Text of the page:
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  5. Interesting take, you define Intersectionalist as distinct from Narrativist. PbtA and Fate would fit that definition too, which would cause no end of angst with certain OSR partisans. I like it.

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    1. Except to the extent that PbtA encodes narrative "moves" in its mechanics, I'd agree. Simple or not, systems that try to impose tropes from above rather than having them emerge from below are straight up N in my book.

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  6. I was never part of the Old School but I am drawn to OSR games and methodologies because of my "Interactionist" nature. I think this is where I fit in the spectrum. Thanks for the enlightening post!

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  7. I think the separation of what you (disparagingly?) call "Nostalgia" and (approvingly?) call "Interactionist" is untenable, if I understand your distinctions correctly. The creative freedoms you describe as interactionist are the inherent principles built into the OD&D system. To be a "nostalgia" player is to be an interactionist and likewise, you can't be an interactionist without swimming deeply in the tradition of the game, knowingly or not. I really don't see a point of separation here within the general old school genre.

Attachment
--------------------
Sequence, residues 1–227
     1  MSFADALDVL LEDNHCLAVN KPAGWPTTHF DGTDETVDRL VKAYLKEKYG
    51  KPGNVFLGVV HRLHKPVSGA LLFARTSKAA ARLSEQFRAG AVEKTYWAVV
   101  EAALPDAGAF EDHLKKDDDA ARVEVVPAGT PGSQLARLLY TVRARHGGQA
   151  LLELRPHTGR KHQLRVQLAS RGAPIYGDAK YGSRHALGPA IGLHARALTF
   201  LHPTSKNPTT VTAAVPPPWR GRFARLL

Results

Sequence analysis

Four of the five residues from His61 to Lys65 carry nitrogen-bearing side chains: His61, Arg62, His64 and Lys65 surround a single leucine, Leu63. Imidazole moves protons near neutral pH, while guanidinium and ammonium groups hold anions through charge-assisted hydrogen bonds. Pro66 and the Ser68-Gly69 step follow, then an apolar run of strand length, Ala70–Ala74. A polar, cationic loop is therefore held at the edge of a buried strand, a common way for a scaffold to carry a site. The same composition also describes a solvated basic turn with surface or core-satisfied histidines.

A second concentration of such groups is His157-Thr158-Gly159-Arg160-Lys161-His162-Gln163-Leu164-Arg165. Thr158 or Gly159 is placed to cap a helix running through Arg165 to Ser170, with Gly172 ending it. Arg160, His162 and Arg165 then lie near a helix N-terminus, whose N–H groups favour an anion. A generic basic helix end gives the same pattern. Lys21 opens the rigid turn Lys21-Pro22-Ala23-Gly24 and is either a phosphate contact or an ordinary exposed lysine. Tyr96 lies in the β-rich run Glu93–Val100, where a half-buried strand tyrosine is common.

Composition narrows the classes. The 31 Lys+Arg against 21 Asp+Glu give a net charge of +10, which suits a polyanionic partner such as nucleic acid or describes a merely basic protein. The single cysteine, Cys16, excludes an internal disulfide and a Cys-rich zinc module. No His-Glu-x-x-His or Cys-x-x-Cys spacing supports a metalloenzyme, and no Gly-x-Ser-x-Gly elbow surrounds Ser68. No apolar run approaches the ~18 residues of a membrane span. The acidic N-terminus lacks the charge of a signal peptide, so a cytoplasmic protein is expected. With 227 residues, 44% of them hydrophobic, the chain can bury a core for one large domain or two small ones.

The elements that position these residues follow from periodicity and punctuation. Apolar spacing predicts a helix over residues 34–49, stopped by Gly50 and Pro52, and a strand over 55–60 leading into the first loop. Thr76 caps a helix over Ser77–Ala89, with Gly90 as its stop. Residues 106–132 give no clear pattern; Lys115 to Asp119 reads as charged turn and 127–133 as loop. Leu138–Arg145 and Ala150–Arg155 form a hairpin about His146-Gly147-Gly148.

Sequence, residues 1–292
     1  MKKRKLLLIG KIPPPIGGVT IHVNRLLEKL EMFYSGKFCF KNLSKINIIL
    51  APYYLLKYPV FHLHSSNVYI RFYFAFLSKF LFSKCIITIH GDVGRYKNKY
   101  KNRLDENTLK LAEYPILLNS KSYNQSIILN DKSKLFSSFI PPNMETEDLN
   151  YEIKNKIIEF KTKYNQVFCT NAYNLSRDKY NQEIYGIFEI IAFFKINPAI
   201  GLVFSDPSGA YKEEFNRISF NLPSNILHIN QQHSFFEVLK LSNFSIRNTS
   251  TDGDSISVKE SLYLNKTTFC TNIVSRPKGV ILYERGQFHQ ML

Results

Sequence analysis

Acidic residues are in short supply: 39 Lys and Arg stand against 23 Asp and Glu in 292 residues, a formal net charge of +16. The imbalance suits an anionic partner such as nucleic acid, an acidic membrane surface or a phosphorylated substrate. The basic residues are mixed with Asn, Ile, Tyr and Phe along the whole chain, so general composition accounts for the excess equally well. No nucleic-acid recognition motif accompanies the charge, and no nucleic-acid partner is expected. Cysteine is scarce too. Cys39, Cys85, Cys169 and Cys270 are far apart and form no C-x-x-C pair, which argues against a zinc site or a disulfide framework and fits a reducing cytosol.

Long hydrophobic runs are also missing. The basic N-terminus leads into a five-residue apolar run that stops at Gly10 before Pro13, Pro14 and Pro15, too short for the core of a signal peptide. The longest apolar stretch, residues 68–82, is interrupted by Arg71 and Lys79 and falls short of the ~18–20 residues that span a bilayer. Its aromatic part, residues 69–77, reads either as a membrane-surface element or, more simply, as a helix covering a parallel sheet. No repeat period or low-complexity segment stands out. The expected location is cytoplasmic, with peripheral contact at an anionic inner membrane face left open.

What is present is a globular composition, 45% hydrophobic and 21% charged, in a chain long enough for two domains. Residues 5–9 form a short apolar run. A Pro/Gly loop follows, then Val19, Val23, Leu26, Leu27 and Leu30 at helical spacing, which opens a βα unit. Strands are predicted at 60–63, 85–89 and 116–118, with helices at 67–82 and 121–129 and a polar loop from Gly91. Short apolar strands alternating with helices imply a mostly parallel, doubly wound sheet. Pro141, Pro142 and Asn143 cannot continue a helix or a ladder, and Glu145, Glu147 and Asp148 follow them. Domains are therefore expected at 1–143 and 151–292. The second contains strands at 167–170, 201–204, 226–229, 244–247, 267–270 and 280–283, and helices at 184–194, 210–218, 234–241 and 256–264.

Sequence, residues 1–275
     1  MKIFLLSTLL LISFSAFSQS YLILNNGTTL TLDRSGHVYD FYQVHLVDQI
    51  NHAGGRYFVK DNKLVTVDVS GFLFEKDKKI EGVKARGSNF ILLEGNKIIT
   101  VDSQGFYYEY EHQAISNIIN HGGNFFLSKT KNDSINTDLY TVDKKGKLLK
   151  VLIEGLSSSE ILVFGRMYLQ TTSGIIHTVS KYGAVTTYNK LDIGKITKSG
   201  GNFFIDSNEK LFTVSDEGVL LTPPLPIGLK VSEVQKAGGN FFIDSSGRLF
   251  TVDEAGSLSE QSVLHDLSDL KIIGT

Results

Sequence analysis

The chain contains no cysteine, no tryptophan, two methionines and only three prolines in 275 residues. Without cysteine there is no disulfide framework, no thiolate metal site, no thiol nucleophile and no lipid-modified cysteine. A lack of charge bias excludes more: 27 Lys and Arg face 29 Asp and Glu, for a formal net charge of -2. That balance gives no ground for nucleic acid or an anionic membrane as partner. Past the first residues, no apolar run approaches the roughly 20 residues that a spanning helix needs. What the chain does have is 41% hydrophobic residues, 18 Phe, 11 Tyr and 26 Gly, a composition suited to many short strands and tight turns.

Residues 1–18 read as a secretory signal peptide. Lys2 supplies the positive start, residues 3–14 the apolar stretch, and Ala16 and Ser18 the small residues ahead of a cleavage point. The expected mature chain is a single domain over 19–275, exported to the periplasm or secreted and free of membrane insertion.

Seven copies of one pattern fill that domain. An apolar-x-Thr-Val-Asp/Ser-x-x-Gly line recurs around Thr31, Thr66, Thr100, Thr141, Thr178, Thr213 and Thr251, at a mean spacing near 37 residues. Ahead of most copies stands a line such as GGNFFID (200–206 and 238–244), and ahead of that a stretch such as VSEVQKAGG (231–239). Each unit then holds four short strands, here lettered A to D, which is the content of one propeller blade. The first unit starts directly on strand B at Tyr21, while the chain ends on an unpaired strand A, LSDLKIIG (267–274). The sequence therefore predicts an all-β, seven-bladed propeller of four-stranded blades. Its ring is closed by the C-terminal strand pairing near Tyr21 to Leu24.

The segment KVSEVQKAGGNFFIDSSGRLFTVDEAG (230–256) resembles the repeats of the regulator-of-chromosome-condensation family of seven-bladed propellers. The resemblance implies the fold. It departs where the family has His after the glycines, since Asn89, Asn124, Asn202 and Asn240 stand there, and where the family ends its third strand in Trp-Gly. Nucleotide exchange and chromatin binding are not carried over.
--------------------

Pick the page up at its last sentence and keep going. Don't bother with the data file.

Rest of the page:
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  8. I dispute your syllogism. I feel "nostalgia" is a sentimental longing and wistful affection for the past, typically for a period or place with happy personal associations, where as "interactionist" is a person who favors reciprical communication and direct involvement with someone or something.

    "Nostalgia" tends to ignore that OD&D barely covered the issues involved, offered no substantial guidelines or definite boundaries, mostly because the original writers had no idea what those boundaries might be due to so little active experience, having been invested in the game for only four or five years as they were writing.

    We've had 40 years now to rethink their proposals and, in my opinion, there are BETTER ways to manage communication and direct involvement over the vague, indistinct and amateurish efforts provided in the original texts. You may disagree, but that would be your "nostalgia" talking, and not an opinion based on factual evidence or proper consideration of post OD&D circumstances and development.